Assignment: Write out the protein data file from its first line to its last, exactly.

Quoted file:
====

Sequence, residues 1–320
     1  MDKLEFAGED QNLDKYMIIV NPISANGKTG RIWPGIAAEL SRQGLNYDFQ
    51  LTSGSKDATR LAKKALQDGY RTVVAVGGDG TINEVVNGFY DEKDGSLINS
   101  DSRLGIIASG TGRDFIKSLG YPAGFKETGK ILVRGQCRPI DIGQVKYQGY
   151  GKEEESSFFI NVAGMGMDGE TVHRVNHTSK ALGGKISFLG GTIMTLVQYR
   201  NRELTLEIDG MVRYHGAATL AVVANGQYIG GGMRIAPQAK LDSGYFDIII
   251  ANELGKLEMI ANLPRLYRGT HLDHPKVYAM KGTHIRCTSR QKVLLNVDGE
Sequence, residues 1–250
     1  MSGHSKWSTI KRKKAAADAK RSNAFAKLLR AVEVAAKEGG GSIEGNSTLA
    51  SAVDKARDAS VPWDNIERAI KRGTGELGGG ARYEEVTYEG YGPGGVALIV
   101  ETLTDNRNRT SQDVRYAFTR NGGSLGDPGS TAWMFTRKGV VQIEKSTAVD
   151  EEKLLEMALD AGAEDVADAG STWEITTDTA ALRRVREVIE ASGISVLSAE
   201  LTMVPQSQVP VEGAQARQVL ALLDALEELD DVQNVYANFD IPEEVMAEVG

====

Sequence, residues 1–320
     1  MDKLEFAGED QNLDKYMIIV NPISANGKTG RIWPGIAAEL SRQGLNYDFQ
    51  LTSGSKDATR LAKKALQDGY RTVVAVGGDG TINEVVNGFY DEKDGSLINS
   101  DSRLGIIASG TGRDFIKSLG YPAGFKETGK ILVRGQCRPI DIGQVKYQGY
   151  GKEEESSFFI NVAGMGMDGE TVHRVNHTSK ALGGKISFLG GTIMTLVQYR
   201  NRELTLEIDG MVRYHGAATL AVVANGQYIG GGMRIAPQAK LDSGYFDIII
   251  ANELGKLEMI ANLPRLYRGT HLDHPKVYAM KGTHIRCTSR QKVLLNVDGE
Sequence, residues 1–250
     1  MSGHSKWSTI KRKKAAADAK RSNAFAKLLR AVEVAAKEGG GSIEGNSTLA
    51  SAVDKARDAS VPWDNIERAI KRGTGELGGG ARYEEVTYEG YGPGGVALIV
   101  ETLTDNRNRT SQDVRYAFTR NGGSLGDPGS TAWMFTRKGV VQIEKSTAVD
   151  EEKLLEMALD AGAEDVADAG STWEITTDTA ALRRVREVIE ASGISVLSAE
   201  LTMVPQSQVP VEGAQARQVL ALLDALEELD DVQNVYANFD IPEEVMAEVG